LAS VEGAS – CES is the birthplace and deathbed of new TV technology. This year’s show proved no different, with all of the big manufacturers pushing the latest in television sets.
2015 is all about 4K
If you’re going to buy a TV in 2015, you will be hard-pressed to find sets that don’t support 4K resolution (3840×2160 pixels). 1080p sets will still be out there, but TV makers want you to buy 4K sets, despite a current lack of content and marginal increase in image quality for most viewers.
Looking closer at 4K TV technology, consumers are going to have to evaluate whether they want to pay a premium for some of the higher-end display technology. Samsung made a big push this year with quantum dot technology, introducing it under the moniker SUHD TV and essentially abandoning OLED in favor of quantum dot. Quantum dots are nanomaterials that are designed to absorb light of one color and emit it as another color. By applying of film of this material to the back of the screen, TV manufacturers are able to produce an improved color gamut and saturation at a lower cost than OLED.
OLED remains the most expensive display technology out there, and while it was at this year’s show, it was primarily LG pushing new OLED sets. It is going to be at least another year or two until manufacturing costs on OLED come down and bring it in to the mainstream.
In order to benefit from the very high resolution of a 4K, there is a need for more content and content creation tools. 4K video cameras like the Sony 4K Handycam and other professional video cameras on display should gradually ease the current lack of native 4K content.
3D TV is dead
We attended all of the press conferences from the major TV manufacturers (Sony, Samsung, LG, Panasonic, Sharp) and didn’t hear a word about 3D. 3D glasses or demos were conspicuously absent from the show floor as well. Given the huge hype that 3D TV got at CES in year’s past, I think it’s fair to say that 3D TV is dead.
Most TV makers are pushing curved screens as a premium option, with Samsung even showing a giant 105″ bendable display. We remain skeptical of the value of a curved display to the typical living room viewer, though we do think PC users will have a large interest in curved multi-monitor setup.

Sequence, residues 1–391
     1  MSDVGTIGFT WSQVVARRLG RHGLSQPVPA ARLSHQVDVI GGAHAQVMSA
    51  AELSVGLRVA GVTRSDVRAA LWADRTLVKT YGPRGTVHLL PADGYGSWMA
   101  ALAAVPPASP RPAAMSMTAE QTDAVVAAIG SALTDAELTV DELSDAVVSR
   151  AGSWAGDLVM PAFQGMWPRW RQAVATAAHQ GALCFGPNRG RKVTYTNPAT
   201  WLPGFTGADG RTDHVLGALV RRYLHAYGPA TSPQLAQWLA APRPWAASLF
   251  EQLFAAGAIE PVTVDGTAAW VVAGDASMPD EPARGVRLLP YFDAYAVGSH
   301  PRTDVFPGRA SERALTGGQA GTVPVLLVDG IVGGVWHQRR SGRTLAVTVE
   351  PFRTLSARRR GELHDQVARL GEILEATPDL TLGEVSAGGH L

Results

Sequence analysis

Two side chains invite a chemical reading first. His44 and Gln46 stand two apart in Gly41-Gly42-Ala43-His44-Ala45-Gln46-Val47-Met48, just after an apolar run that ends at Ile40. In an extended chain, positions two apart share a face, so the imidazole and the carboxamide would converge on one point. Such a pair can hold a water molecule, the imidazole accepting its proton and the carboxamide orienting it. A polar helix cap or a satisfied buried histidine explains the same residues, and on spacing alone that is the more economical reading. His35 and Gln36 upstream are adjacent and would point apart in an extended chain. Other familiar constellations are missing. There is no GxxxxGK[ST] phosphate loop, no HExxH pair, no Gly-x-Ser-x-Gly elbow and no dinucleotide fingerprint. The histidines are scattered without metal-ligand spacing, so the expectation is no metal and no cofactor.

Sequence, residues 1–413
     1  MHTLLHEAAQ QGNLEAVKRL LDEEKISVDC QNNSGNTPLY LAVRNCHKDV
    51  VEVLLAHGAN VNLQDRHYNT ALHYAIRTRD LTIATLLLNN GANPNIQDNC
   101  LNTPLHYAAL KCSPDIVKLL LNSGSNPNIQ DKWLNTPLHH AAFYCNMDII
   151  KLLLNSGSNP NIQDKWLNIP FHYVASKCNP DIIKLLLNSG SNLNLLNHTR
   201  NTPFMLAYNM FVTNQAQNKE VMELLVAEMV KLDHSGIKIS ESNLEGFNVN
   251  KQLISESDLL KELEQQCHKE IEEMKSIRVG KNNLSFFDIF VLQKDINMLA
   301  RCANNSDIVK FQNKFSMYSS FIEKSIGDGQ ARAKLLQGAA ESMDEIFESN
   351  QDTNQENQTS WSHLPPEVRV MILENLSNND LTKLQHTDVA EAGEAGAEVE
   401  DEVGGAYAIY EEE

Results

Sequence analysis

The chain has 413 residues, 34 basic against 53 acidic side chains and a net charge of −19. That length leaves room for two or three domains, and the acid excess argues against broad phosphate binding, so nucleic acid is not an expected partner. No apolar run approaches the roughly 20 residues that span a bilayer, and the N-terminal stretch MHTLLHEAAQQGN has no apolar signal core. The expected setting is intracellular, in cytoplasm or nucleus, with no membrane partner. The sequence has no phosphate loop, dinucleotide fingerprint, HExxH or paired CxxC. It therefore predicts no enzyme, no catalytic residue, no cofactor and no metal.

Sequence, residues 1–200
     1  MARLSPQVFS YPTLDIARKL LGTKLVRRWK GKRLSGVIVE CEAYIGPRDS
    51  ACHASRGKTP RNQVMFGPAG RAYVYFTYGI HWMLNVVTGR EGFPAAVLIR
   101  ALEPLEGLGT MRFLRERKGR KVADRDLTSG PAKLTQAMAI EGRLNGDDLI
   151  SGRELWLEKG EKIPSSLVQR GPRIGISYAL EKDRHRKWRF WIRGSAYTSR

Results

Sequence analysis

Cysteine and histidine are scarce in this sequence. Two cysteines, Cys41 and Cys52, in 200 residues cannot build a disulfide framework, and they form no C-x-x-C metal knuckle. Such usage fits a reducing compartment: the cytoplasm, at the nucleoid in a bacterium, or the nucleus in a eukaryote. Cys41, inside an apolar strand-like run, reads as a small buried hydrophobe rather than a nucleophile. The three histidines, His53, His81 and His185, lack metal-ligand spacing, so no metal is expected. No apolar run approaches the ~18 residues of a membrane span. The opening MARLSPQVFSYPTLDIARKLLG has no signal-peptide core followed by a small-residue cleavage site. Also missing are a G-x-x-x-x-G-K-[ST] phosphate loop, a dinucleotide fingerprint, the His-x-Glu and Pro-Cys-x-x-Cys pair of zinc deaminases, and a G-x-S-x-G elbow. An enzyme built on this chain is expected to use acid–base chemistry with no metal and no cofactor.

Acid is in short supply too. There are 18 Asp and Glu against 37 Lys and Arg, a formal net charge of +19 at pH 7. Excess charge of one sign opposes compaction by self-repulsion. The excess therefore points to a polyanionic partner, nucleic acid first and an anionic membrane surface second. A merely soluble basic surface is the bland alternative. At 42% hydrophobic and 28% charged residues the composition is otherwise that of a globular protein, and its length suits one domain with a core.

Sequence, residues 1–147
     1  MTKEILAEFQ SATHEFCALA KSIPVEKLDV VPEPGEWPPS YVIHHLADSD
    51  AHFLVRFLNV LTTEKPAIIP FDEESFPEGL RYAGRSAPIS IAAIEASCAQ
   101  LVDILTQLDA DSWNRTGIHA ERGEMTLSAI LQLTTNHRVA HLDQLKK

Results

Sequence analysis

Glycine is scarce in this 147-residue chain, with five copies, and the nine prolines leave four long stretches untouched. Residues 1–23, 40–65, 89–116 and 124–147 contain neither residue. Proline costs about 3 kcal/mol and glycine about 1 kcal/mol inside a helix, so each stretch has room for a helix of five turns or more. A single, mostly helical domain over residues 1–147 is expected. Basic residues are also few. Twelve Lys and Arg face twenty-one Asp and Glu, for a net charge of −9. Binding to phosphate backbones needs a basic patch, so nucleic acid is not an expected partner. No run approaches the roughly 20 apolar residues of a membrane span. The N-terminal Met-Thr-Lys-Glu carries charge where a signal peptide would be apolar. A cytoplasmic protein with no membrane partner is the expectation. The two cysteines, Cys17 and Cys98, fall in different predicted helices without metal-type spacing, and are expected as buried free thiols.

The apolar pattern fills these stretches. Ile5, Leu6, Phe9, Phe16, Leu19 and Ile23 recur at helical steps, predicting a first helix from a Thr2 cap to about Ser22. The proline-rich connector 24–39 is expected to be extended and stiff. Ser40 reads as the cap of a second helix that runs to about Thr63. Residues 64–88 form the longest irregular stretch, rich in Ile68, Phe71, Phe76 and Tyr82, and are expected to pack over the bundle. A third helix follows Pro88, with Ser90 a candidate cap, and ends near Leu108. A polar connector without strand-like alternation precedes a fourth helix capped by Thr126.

Quietly lurking in all of the big TV makers’ booths were 8K sets (7680 x 4320 pixels). Little was said about these super-duper high resolution sets, other than as exotic display pieces. While TV manufacturers may master the creation of 8K sets, it is hard to imagine the content creation infrastructure catching up to that resolution any time soon, as they are just getting started creating 4K content.
Short throw projectors
Our favorite TV technology from CES 2015 was the short throw projectors on display in the Sony Life Space UX living room demo area. In fact, this might have been our favorite demo of the entire show.
Typically a video projector needs to be 6′-8′ away from its screen to project a massive image, meaning you’ve got to mount the projector someone on the ceiling. A short throw projector is able to accomplish the same thing from a couple inches away from the wall from a tiny form factor.
Sony’s demo showed a tiny projector that is able to create a 22″-71″ screen on any wall or even in the shower. A ceiling-mounted version in a bedroom was no bigger than a standard light fixture and projected a giant screen right on the ceiling above a bed.
The living room version was unbelievable. A modest pedestal just a couple inches from the wall was able to cast a giant 66″-147″ 4K image on the wall.
Smart TV OS battles
TV makers are quietly fighting an OS battle for their TV sets, with a number of manufacturers diverging from Android while others double-down on it. CES 2015 was a bad year for Google’s Android TV operating system, with a number of big manufacturers charting their own course to prevent Google’s dominance in the living room.
Samsung debuted its new Smart TV OS based on the company’s in-house Linux distribution, Tizen. LG is committed to WebOS. (Yes, that WebOS.) Sony re-emphasized their use of Android TV, touting familiarity of Android to smartphone users. Sharp also continues using Android. In the most interesting twist of 2015, Panasonic introduced the first TVs built with the Firefox OS.
While we applaud efforts to do away with clunky TV UI, our guess is that most consumers aren’t making their TV purchase decisions based on the OS that the TV runs, rather they are driven by price point, size, and perceived image quality.